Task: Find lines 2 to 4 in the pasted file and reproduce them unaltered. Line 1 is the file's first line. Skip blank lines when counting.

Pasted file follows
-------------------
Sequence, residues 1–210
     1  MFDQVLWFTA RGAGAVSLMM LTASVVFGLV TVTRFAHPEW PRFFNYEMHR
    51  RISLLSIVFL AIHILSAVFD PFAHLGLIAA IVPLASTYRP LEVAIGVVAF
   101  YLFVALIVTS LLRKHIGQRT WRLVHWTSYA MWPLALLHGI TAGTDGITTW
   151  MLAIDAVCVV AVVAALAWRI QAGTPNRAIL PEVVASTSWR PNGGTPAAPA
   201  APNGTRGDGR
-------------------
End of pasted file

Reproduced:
     1  MFDQVLWFTA RGAGAVSLMM LTASVVFGLV TVTRFAHPEW PRFFNYEMHR
    51  RISLLSIVFL AIHILSAVFD PFAHLGLIAA IVPLASTYRP LEVAIGVVAF
   101  YLFVALIVTS LLRKHIGQRT WRLVHWTSYA MWPLALLHGI TAGTDGITTW